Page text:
Senior Societies

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Columbia does not really have any Secret Societies (unless you count [[St. A's]], which can be pretty $ecret''ive''). If it does, then they're pretty damned secret because no one knows about them. But Columbia does have two very low-profile '''Senior Societies''', the Senior Society of [[Sachems]] and the Senior Society of [[Nacoms]], and they're pretty well-hidden from public view. Most students don't even know the societies exist.
 
Columbia does not really have any Secret Societies (unless you count [[St. A's]], which can be pretty $ecret''ive''). If it does, then they're pretty damned secret because no one knows about them. But Columbia does have two very low-profile '''Senior Societies''', the Senior Society of [[Sachems]] and the Senior Society of [[Nacoms]], and they're pretty well-hidden from public view. Most students don't even know the societies exist.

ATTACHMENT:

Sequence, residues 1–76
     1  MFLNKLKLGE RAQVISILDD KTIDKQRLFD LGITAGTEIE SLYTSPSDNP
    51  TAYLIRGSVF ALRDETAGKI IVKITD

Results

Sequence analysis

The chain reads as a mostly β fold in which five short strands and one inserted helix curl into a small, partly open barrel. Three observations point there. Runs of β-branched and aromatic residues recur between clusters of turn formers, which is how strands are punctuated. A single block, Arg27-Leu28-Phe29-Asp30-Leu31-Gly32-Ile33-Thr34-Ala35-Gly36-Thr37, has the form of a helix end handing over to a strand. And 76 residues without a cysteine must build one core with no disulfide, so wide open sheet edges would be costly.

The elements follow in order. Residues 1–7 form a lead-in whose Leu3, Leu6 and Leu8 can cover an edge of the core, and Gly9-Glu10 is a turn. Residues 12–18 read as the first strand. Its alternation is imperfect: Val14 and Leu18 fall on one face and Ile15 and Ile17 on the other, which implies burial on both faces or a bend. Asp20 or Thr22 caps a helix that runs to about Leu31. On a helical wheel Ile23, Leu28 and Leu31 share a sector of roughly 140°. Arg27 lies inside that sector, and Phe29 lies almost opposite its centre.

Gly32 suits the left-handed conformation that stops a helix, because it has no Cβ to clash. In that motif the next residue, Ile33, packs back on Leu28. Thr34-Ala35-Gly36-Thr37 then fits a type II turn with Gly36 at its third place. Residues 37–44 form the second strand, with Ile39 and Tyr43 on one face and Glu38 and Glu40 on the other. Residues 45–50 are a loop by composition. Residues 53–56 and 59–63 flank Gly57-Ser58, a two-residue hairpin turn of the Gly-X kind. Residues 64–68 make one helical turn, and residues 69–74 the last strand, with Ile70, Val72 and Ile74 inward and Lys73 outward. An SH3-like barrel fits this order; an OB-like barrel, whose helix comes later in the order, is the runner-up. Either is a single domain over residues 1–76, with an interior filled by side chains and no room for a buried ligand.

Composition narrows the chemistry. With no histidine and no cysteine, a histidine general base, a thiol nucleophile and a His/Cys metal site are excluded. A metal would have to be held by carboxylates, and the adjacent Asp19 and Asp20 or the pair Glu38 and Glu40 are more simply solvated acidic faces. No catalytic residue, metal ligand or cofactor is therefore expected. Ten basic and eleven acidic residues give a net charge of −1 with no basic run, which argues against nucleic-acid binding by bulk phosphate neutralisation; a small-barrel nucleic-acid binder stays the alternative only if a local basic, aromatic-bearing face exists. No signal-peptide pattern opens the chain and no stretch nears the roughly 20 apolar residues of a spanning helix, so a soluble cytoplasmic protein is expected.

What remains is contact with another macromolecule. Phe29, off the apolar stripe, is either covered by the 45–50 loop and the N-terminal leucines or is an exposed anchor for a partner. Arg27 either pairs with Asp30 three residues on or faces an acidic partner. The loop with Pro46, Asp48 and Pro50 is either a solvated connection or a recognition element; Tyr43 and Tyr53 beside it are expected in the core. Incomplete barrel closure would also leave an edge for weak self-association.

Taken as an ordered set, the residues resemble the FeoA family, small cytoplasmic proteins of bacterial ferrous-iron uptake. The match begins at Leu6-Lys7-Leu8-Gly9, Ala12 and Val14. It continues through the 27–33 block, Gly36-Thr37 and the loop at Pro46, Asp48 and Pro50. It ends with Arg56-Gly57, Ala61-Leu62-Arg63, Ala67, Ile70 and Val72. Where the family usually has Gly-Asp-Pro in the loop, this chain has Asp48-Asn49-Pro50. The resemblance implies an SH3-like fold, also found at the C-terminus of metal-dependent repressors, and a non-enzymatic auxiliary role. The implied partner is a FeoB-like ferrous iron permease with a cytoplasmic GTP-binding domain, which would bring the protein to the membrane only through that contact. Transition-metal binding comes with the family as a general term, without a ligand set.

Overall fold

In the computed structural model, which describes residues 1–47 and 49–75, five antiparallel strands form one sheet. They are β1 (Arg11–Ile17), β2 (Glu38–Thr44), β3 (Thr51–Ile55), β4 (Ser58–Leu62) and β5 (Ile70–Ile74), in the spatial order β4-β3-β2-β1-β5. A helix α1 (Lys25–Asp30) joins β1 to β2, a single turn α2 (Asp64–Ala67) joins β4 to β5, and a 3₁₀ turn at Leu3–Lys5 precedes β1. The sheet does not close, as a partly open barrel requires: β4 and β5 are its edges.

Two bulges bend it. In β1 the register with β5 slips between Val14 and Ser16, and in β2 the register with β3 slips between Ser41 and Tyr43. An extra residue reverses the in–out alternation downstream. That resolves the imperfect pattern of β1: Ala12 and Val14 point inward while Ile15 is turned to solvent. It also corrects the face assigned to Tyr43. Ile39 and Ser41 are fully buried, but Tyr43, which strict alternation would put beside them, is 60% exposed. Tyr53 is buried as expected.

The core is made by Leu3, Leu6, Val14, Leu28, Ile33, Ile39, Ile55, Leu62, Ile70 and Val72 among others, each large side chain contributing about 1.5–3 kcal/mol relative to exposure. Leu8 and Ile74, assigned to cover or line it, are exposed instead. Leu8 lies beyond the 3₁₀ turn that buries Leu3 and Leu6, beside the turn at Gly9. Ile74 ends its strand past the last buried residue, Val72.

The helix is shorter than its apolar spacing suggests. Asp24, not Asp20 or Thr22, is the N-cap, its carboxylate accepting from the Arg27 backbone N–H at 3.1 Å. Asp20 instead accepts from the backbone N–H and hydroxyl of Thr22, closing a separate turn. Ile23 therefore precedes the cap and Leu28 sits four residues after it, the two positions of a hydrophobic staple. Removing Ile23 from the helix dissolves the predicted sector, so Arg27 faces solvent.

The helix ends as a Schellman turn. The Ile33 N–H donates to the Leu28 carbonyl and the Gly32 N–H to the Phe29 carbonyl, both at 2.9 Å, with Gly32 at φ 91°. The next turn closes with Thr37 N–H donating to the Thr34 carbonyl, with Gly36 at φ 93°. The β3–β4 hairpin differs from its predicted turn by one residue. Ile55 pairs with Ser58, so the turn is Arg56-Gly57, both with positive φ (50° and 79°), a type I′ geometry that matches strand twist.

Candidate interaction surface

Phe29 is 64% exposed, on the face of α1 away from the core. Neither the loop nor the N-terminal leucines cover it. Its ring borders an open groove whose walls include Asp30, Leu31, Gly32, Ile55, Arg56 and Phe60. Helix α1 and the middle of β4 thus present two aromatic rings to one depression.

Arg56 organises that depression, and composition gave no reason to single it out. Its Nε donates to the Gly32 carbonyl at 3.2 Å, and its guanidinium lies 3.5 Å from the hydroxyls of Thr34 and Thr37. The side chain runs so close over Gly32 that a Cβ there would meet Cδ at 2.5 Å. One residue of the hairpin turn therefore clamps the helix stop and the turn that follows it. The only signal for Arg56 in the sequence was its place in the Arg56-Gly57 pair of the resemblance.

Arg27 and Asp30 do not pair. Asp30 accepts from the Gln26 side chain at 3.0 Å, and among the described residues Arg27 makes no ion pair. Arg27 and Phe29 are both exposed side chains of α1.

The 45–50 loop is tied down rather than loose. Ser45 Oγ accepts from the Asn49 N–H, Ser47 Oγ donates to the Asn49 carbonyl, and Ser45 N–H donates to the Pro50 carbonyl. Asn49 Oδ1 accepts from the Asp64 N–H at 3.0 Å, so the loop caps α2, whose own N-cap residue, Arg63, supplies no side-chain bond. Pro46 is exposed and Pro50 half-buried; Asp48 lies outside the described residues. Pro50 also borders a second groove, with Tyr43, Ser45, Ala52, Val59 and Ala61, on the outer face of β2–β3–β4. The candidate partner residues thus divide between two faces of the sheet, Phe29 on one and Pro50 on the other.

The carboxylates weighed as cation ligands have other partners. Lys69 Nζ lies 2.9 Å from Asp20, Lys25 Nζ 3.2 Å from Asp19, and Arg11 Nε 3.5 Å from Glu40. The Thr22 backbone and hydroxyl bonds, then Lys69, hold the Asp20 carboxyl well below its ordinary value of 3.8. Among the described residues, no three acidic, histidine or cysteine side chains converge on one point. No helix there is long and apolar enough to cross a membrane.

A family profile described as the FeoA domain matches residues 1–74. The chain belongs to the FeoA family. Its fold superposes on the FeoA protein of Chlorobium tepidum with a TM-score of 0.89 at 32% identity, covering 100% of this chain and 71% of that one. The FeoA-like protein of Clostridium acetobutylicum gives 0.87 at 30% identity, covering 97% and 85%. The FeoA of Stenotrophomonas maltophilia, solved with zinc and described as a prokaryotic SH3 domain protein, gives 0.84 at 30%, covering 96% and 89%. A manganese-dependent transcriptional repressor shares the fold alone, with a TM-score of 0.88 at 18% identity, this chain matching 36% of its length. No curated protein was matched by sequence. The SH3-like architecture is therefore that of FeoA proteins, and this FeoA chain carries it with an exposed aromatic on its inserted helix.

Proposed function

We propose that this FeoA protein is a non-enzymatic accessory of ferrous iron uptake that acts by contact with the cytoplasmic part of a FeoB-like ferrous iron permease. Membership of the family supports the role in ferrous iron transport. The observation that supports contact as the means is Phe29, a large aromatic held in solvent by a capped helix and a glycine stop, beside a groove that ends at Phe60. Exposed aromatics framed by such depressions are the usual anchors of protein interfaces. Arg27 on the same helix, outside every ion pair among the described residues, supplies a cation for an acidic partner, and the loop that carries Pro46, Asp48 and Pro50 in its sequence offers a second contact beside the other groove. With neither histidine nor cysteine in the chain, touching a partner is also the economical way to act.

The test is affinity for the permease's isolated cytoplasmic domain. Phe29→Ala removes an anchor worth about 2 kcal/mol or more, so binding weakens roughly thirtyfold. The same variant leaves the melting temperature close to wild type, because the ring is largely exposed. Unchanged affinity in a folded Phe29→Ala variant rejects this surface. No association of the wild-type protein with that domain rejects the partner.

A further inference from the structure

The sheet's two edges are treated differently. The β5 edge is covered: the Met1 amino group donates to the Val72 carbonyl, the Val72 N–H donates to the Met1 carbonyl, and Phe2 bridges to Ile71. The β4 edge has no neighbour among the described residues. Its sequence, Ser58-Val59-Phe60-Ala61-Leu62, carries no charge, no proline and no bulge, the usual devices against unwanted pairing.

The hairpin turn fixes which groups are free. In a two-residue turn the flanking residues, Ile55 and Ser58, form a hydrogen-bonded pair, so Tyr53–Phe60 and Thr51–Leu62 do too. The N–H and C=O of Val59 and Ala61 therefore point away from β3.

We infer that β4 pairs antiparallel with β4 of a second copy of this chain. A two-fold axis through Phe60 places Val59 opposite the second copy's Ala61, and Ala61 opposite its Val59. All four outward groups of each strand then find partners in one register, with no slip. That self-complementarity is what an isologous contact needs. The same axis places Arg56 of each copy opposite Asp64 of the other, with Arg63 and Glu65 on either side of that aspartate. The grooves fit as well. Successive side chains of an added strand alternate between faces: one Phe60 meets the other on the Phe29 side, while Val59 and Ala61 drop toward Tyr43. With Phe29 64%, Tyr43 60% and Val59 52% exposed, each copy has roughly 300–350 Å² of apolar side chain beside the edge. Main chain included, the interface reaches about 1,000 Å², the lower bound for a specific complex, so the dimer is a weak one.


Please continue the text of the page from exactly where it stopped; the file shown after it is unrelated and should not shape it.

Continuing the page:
Each society taps 15 juniors each year, the Sachems by luring the candidates into an ambush where he or she gets hit in the face with pie, the Nacoms by convincing the candidate that he or she is in trouble.
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Each society taps 15 juniors each year, the Sachems by luring the candidates into an ambush where he or she gets hit in the face with pie, the Nacoms by convincing the candidate that he or she is in trouble. As of [[1954]], at least, members could be identified by the rings worn on their little fingers - Sachems on their right hands, Nacoms on their left. The Nacoms' ring has a "green snake" zigzig pattern around it; the Sachems' consists of 13 small black diamonds.<ref>http://spectatorarchive.library.columbia.edu/cgi-bin/columbia?a=d&d=cs19540302-01.2.14&srpos=26&e=-------en-20--21--txt-IN-nacoms----#</ref>